Herbert L. Gravitz, Ph.D
P: 805.963.9309
F: 805.687.1977
2020 Alameda Padre Serra STE 217
Santa Barbara, Ca 93103
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A brief introduction to Dr. Gravitz and his services:



Having been in practice for over 35 years, I have seen a lot of trends in therapy come and go. The one quality of healing that remains constant is the quality of the relationship between the client and therapist. More than any other variable, this determines the success of psychotherapy. I hold the therapeutic relationship as a sacred covenant. Both my client and me are accountable to each other, as I help her or him become the person he or she always wanted to be. Ultimately, I believe it is harder to be who we are not than who we are.

While I believe in the dignity and worth of the individual, my focus has increasingly become the relationships of individuals to one another, especially their family. Rather than seeing cause as linear, that is A causes B, I have come to learn that cause is circular and reciprocal, as residing in the interface between individuals. Thus, A doesn’t cause B, but A and B mutually cause each other. Similarly, responsibility is mutual and control is a bilateral process. Because I believe we are all involved in each other destinies, I am mindful that even when I am working with one person, that person is part of a larger network and everything I say is funneled through that network.

I am a specialist on the impact of illness, addiction, and trauma on the individual and the family. I am best known for my work in systemic traumatology, specifically the impact of alcoholism, post-traumatic stress disorder (PTSD), obsessive-compulsive disorder (OCD), bipolar disorder, major depression, and schizophrenia on the individual and the whole family. I have authored or co- authored books and articles on trauma, healing, and recovery, and have led workshops and seminars throughout the United States on the traumatic impact of alcoholism, as well as major mental illness, on the family.

Because illness, addiction, and trauma so often occur together in the family, I have learned to address all three issues in unique ways that go beyond most traditional approaches. In my work with families, I have learned to address the special concerns and needs of each member of the family first. When each member’s plight is addressed and witnessed separately as an individual and simultaneously as family members, a happier and more meaningful family life is the natural outcome.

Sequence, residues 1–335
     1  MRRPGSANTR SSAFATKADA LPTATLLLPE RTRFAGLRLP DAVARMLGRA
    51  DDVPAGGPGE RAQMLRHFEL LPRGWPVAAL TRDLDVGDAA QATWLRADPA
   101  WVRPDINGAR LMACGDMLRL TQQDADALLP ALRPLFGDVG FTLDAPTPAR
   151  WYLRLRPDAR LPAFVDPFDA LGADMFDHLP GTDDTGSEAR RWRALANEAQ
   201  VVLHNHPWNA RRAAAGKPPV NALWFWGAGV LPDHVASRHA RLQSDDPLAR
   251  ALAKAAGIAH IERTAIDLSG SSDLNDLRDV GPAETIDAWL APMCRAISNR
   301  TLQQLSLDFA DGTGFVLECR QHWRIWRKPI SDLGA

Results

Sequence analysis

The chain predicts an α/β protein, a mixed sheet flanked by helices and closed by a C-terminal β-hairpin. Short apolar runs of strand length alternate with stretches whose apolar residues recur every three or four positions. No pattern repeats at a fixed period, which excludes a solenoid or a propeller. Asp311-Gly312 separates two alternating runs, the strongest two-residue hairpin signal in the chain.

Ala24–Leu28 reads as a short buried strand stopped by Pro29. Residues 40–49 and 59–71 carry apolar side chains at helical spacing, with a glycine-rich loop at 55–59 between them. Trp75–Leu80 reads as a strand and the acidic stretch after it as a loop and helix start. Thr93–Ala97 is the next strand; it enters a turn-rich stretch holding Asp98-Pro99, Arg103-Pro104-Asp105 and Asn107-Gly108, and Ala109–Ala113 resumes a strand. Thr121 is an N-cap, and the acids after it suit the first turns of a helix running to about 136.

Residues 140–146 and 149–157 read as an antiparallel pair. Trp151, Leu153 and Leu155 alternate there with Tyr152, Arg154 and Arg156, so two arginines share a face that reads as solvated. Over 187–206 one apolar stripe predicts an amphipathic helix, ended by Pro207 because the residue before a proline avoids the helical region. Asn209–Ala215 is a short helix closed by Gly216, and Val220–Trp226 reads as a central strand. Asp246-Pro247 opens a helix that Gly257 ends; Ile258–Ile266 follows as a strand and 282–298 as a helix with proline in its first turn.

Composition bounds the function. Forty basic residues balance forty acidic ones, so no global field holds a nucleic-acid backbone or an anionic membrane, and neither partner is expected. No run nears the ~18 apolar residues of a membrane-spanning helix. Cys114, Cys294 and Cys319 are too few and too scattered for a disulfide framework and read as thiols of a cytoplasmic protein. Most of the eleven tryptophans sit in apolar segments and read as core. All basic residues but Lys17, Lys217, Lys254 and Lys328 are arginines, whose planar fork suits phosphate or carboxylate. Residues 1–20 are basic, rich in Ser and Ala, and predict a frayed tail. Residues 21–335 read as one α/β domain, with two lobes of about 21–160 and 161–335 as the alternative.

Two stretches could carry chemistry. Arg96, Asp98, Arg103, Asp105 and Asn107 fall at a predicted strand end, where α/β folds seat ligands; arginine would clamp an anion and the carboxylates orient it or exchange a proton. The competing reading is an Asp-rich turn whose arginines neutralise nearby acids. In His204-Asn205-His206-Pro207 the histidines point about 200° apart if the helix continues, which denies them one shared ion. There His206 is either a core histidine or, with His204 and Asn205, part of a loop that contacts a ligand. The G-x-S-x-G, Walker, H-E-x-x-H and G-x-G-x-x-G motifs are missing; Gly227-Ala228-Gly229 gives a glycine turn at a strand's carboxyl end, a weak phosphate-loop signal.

While many people originally come to see me to get rid of troublesome problems, they often find that they disappear quickly as they come to see the broader situation in which they find themselves. My commitment to clients is to see the very essence of their struggle, communicate this back to them, and help them create a life worth living and losses worth enduring. I believe that virtually any circumstance can be overcome and triumph can occur in the midst of adversity. In fact, adversity is the father of triumph, just as need is the mother of invention.

Mine is a message of hope and optimism regarding the impact of illness, addiction, and trauma. I operate from a strength-based, solution-oriented focus. I believe we get much further by developing our strengths rather than exploring our weaknesses. I believe we have an inherent, fundamental need to grow and develop, which is released in an atmosphere of respect and dignity, and that problems are the fodder of this growth. While we certainly can grow from non-traumatic situations, they may be the greatest impetus to our evolution.

What I have come to appreciate is that psychotherapy is returning to its roots. The original meaning of psyche comes from the Greek word soul or spirit; hence, psychotherapy was intended as a healing art of the soul and spirit, and psychology was the study of spirit and soul. With the medicalization of therapy, this meaning of impacting the client’s whole life and impacting the client’s destiny became more obscure. With the advent of managed care, or as some call it “mangled care,” the original meaning of this sacred type of healing became even more obscure.

The services I offer include individual, family, couple, group therapy, and intergenerational healing. I offer consultation to primary and secondary sufferers, including traumatic event processing, clinical hypnosis, public speaking, workshops and seminars.



II. Calendar info—presenting as SB NAMI—Oct 27 NAMI in Santa Barbara on mental illness and family triumph—on November 1 a talk on OCD and family at Stanford University and November 16 a keynote address at Adult Children of Alcoholics in San Diego, Ca..